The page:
A woman in a wheelchair speaks into a microphone held by a woman standing by her side.

Grieving With Grace

A remembrance of disability activist Stacey Park Milbern

Stacey Park Milbern touched countless people with her prolific activism for disabled people, especially people of color and LGBTQ+ people. She held leadership positions in disability organizations for most of her life—starting as a teenager, when she was appointed by the governor to the North Carolina Statewide Independent Living Council, all the way to her creation of the Disability Justice Culture Club in the San Francisco Bay Area just a year before her death. Milbern passed away on May 19, 2020, her thirty-third birthday, as a result of complications from surgery. She never stopped pushing for justice.

In 2021, the world searched for how to say goodbye to someone more than ever before.

Stacey and I worked together on one of the last projects of her life—a campaign built around the award-nominated documentary Crip Camp that pushed for the recognition of disability as a social justice issue. Stacey died just two days after the launch of the campaign’s signature program, a sixteen-week virtual summer camp for disabled people and their allies. The camp was Stacey’s dream and creation.

Our team of organizers was just four people, all of us disabled women of color. Suddenly, we were down to three. We were absolutely reeling. How could we possibly continue this work without Stacey? But the despair quickly turned to adrenaline. How could we possibly quit this work now, after all that she did?

“Our team of organizers was just four people, all of us disabled women of color. Suddenly, we were down to three.”

We rallied together with other disability activists, many of whom had known Stacey for a decade or more, and put together a beautiful car caravan around Oakland’s Lake Merritt to celebrate her life. The camp we organized drew close to 10,000 registrants and earned rave reviews. Our team carried on. But not without side effects. Our work was filling an important need, but behind the scenes, we were struggling with our mental health and feeling burned out. We felt like there was no way to stop. If we did, we would somehow betray Stacey’s dream and dishonor her memory.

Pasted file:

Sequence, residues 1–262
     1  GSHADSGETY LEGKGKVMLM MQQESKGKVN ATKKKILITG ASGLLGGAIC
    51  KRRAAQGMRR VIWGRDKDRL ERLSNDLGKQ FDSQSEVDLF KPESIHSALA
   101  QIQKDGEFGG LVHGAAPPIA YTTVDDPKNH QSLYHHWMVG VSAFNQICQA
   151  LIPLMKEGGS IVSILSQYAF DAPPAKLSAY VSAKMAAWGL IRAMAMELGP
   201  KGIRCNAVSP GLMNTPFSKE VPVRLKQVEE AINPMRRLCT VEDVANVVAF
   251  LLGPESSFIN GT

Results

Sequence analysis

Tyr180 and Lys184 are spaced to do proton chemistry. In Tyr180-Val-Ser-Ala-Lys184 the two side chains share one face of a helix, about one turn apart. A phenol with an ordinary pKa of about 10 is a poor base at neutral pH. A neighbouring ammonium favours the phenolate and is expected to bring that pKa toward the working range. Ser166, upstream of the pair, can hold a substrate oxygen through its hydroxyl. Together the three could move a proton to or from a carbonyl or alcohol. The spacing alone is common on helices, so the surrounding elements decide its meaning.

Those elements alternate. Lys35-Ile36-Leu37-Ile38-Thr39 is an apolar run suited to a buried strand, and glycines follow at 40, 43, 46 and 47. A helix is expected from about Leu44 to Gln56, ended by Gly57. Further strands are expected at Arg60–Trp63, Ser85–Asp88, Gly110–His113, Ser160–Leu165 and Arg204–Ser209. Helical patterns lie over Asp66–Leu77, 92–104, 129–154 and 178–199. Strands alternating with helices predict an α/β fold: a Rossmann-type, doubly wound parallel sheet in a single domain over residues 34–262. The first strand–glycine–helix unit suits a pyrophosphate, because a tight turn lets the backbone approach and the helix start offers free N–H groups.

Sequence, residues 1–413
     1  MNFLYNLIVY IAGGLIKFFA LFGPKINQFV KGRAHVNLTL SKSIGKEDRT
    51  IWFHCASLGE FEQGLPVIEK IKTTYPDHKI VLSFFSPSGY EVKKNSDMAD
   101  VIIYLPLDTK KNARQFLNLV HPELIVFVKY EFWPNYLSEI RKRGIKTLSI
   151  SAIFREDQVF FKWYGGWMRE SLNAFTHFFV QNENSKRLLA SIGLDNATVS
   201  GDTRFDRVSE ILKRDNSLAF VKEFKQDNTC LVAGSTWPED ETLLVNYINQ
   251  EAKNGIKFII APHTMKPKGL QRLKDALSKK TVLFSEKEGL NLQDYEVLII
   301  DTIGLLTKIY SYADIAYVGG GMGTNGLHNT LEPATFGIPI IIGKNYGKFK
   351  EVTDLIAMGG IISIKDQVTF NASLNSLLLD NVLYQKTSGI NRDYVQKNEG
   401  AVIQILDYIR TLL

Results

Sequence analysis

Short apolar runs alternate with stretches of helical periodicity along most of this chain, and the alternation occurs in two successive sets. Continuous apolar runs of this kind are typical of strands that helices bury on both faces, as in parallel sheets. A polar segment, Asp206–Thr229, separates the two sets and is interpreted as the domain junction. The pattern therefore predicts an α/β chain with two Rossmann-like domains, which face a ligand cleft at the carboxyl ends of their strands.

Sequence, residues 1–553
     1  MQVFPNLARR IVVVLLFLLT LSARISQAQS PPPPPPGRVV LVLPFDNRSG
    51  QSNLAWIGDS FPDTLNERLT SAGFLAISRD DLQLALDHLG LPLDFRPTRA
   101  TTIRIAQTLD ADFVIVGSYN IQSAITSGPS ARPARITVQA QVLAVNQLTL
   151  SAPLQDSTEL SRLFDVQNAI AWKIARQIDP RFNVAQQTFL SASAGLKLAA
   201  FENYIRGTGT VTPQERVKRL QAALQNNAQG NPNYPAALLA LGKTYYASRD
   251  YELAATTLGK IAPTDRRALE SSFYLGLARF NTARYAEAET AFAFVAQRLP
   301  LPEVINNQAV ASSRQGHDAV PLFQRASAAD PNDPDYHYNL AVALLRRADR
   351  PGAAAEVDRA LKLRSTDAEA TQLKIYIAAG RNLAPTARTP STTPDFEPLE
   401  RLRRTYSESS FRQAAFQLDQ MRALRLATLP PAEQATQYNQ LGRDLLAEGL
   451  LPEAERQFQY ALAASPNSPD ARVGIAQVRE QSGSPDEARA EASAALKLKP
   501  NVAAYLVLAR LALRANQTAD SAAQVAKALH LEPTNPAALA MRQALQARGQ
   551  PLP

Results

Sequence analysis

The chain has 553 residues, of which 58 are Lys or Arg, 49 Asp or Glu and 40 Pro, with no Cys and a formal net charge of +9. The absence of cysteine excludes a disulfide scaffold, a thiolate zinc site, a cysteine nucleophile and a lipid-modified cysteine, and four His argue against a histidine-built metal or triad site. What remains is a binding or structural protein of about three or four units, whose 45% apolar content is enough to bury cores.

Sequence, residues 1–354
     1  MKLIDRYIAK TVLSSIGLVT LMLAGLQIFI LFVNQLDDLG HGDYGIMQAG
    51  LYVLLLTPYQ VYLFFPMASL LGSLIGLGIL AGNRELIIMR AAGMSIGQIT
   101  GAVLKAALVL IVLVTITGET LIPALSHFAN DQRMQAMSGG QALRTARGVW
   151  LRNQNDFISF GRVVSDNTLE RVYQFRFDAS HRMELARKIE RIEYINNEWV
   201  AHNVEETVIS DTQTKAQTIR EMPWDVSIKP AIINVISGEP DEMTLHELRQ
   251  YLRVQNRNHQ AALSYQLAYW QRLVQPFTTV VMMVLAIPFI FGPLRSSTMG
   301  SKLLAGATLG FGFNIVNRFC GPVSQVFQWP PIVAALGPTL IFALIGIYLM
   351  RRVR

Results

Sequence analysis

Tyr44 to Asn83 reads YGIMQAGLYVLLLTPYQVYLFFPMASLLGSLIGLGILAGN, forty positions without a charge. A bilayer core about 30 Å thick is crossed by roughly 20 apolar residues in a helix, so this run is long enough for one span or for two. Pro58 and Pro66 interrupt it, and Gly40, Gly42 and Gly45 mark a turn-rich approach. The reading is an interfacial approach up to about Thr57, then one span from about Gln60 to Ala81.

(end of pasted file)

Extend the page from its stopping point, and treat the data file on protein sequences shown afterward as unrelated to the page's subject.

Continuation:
But deep within ourselves, we knew that our grief-fueled pace was unsustainable. To continue the work Stacey had lived for, we also needed to take care of our own bodies. Finally, we gave ourselves permission to stop. We all took a vacation. When we came back, we slowed down.

This year has been a time of healing, joy, and growth for our team. We transformed into a budding company, LaVant Consulting, with a mission to push for inclusion for disabled people of color. Now, as 2021 comes to an end, eighteen months after Stacey’s passing, we honor her memory by taking breaks, moving at a sustainable pace, and giving ourselves grace.

Share a story of remembrance about Stacey and her legacy for the Disability Visibility Project at bit.ly/staceytaughtus.

By Sofia Webster


Sofia Webster is an Ecuadorian American accessibility expert, based in Sacramento, California. She is Impact Officer at LaVant Consulting Inc., a communications firm dedicated to helping companies and brands “speak disability with confidence.” Webster was also social media manager for the award-nominated documentary Crip Camp.

Brooke Anderson


Brooke Anderson is a freelance photographer and photojournalist based in the Bay Area, covering movements for social, economic, racial, and climate justice. Among other places, her images have appeared in such publications as YES! Magazine, Colorlines, Grist, San Francisco magazine, SFist, Oakland Post, East Bay Express, North Bay Bohemian, KQED, and featured in exhibits by CultureStrike, Yerba Buena Center for the Arts, Studio Grand, and Survival Media Agency.